Some people “can” only write one thing. Their voice is so clearly, so strongly one thing or the other, that you can’t imagine them anywhere else. But apparently I am not that writer; I’ve seen it for myself in the different kinds of writing I do for romantic suspense or “woo-woo” versus the sweet, funny, and innocent tone of my first book. But where was my strongest voice? Where was I most talented? And then, as a Catholic Christian, I started asking what I should commit to writing…and where my voice should be used, and how…
I’m sure you know what’s coming. The moment that “s” word entered into the mental negotiations, I effectively paralyzed myself. I didn’t know that’s what I was doing; I had an uneasy feeling about trying to reframe my form of expression and the stories I told, but I increasingly began to feel like that was my “duty” somehow. I increasingly have come, in the last couple of years, to tell myself I “need” to write “godly”…or there’s something off kilter in my Christian commitment. And I sure as heck didn’t want my writing to be a bad witness!
The problem was, and is, that I never came from the place where my writing was ever supposed to be a “witness” in the first place. Yes, I believe I do everything for the glory of God; but previously, I considered secular writing perfectly okay, in that I never glorified anything ungodly. I may have dealt with ghostly voices, or spirits, or otherworldly manifestations—but I never portrayed them as something a character based her faith life on. My writing may have had characters swear or use rough language—but those were situations in which most people I know would have used those words. I wrote what I knew, I didn’t write anything dirty, and I told a good story…and for years, that was enough.
But then…I started wondering. And I started “being convicted” on all kinds of things I’d been writing—not because they were necessarily “wrong,” but because they weren’t reflective of a “spiritual” person’s writing…or so I thought. My characters were ordinary people. But maybe they needed to be much more than that, if I were going to be “true” to my faith in my writing.
Over time, as a result of selling one inspirational novel and being surrounded by loving, talented Christian writers—coupled with going to work in a Catholic publishing house where our entire mission is “what the Church teaches and why”—I came to believe that there were simply story types, storylines, and storytelling styles that I would no longer be able to use if I were to be a consistent Christian witness.
With that, one brick went up in a creative wall.
Then, I vowed I’d never try to sell to Harlequin again, because they came out with an erotica line and I couldn’t “be a part” of a house that would do that.
And another brick went up.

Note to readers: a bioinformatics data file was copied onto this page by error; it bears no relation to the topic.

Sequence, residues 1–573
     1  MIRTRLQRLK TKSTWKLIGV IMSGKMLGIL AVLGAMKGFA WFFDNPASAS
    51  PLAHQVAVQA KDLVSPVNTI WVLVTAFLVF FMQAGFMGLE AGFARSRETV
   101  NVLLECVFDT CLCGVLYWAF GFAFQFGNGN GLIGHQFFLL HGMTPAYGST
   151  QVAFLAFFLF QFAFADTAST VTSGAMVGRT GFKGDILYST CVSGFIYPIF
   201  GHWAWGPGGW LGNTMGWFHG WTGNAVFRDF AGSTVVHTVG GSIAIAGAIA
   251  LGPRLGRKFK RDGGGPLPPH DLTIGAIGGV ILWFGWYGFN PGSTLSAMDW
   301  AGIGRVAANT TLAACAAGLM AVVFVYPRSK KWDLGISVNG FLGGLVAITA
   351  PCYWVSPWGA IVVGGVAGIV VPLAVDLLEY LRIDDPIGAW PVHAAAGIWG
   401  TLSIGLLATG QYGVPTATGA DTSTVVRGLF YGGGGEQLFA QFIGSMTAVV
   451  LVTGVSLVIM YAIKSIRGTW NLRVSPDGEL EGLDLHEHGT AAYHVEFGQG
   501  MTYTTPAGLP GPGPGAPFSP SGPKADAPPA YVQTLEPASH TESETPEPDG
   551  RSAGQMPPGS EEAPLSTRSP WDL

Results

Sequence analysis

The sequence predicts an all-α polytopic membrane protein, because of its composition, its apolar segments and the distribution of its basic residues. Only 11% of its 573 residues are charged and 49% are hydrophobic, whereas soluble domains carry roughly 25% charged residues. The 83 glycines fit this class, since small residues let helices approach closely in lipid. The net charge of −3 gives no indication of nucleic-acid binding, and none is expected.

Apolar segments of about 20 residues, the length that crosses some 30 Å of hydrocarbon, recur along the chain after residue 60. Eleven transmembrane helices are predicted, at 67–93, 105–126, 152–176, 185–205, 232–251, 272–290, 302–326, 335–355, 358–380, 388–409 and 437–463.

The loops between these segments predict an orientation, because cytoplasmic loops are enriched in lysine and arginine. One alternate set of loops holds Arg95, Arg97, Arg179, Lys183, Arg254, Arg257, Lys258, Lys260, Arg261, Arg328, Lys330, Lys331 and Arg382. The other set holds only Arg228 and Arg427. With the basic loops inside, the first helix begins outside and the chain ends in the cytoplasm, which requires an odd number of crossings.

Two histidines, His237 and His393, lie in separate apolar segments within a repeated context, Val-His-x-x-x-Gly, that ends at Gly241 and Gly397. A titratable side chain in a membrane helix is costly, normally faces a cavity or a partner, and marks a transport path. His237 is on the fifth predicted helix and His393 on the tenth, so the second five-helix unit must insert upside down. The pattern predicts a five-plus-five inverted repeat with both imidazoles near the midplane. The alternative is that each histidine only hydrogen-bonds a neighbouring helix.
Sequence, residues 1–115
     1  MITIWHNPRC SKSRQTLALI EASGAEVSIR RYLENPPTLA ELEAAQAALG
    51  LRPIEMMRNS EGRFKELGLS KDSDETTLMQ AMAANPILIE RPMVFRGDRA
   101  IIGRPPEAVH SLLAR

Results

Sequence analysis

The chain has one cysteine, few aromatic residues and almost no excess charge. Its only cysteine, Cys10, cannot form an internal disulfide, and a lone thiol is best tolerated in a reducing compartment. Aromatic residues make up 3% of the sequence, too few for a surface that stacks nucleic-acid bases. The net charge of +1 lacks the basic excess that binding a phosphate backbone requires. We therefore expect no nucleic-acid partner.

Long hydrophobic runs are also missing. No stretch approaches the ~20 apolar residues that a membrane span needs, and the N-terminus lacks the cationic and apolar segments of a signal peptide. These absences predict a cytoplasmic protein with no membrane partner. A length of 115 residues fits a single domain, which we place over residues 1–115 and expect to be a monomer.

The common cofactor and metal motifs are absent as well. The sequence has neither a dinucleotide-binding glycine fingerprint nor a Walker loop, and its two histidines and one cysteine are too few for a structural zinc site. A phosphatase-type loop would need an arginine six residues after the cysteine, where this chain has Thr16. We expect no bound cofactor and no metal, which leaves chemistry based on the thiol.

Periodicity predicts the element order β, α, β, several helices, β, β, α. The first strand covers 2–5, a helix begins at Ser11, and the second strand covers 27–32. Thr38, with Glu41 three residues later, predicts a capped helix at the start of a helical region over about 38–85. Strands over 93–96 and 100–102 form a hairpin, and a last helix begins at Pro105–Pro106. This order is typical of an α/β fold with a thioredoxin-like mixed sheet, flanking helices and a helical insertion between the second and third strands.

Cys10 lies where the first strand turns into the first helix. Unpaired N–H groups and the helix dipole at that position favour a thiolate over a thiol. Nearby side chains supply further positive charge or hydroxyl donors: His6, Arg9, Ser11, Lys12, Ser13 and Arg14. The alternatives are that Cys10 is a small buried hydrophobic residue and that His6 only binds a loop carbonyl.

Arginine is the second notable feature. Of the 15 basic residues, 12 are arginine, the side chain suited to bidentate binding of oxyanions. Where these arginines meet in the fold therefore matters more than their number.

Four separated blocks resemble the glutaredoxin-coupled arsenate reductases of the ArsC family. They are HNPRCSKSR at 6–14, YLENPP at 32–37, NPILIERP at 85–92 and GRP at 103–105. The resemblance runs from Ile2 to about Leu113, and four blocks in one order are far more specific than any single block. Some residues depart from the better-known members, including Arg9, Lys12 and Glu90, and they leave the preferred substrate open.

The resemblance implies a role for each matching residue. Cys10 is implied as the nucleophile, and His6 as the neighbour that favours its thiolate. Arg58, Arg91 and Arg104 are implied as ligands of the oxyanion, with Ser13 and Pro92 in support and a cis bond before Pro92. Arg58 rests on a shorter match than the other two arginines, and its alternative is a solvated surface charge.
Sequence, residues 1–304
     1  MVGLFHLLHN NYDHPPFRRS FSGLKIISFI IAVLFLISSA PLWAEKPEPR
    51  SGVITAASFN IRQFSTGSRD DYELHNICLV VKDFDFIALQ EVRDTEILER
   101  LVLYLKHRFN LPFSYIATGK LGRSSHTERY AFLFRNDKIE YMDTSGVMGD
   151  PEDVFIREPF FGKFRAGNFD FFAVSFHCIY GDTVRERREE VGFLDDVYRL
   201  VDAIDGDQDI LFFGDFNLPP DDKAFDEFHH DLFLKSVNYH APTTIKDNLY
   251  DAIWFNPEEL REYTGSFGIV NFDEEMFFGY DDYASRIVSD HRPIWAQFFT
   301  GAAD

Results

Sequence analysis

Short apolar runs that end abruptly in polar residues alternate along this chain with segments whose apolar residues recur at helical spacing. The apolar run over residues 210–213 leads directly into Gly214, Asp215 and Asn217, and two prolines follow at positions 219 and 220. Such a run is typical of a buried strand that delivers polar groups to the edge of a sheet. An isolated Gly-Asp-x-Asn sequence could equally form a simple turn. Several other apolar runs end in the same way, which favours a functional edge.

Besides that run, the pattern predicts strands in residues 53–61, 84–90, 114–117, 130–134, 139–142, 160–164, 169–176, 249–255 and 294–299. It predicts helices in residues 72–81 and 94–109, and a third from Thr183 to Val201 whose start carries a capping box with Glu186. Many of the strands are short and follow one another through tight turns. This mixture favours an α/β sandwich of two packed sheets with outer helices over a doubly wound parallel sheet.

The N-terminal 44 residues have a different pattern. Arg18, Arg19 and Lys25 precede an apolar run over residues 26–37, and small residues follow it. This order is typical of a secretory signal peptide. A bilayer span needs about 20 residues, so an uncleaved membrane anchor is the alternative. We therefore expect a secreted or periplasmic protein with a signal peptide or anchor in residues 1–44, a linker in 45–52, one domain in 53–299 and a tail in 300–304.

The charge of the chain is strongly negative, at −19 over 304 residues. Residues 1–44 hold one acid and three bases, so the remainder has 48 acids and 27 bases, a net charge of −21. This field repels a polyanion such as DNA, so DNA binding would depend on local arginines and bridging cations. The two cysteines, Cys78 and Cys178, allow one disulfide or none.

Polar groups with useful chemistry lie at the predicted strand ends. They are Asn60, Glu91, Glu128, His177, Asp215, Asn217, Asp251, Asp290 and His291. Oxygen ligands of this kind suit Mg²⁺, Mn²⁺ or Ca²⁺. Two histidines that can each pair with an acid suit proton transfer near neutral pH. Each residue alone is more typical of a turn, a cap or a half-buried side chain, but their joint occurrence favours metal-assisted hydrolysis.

Then, I realized that many of my previous fellow genre writers were writing, in a word, smut—and soon, I found myself having difficulty with more than merely not selling to Harlequin; I in effect couldn’t even participate in a genre that could tolerate that anymore.
And another brick went up.
Then, I thought…well, I’ve sold one inspy, so that means I may have a foot in the door of that market. But that then meant that I needed to make sure the spiritual content of my books was Christian, and made no bones about it. I needed to have characters who viewed the world through a Christian lens…all the time. I needed to show them praying, to have them refuse to believe any “spirit” that wasn’t “tested”…to have them going to church and that be integral to the plot of the book.
And another brick went up.
Then, I began to notice—and bemoan—the lack of contemporary Catholic fiction out there. I was a good Catholic, I was a good writer…that must mean that I was supposed to start focusing my fiction on Catholic themes. I was not an evangelical—so what was I doing watering down the Catholic identity of the books? No, I needed to put in more “Catholic references.” I needed to put together my stories in such a way that people had no doubt where my characters stood.
And another brick went up.
Then, I realized there were really no outlets for publishing Catholic contemporary fiction. So here I was, in a Catholic publishing house, the perfect person to bring fiction into this place…only that wasn’t in their plans, and won’t be for some time to come, if ever. So even if I wrote something good, solid, entertaining, and doctrinally steady—or if I knew someone who had, and desperately thought their book should be out there—my employer wasn’t going to be the place where I could even edit that kind of book, much less publish one of my own.
And another brick went up.
Then, I went to ACFW with the idea that I could reinvent myself.
That I could get an agent, or an editor, to “take me on” with something I already have, or something I could “make fit” if I needed to. And I proceeded to commit to doing so.
And then I woke up that Saturday, with that letter in my hand, and realized I had painted myself into the proverbial corner. Or bricked myself in, actually.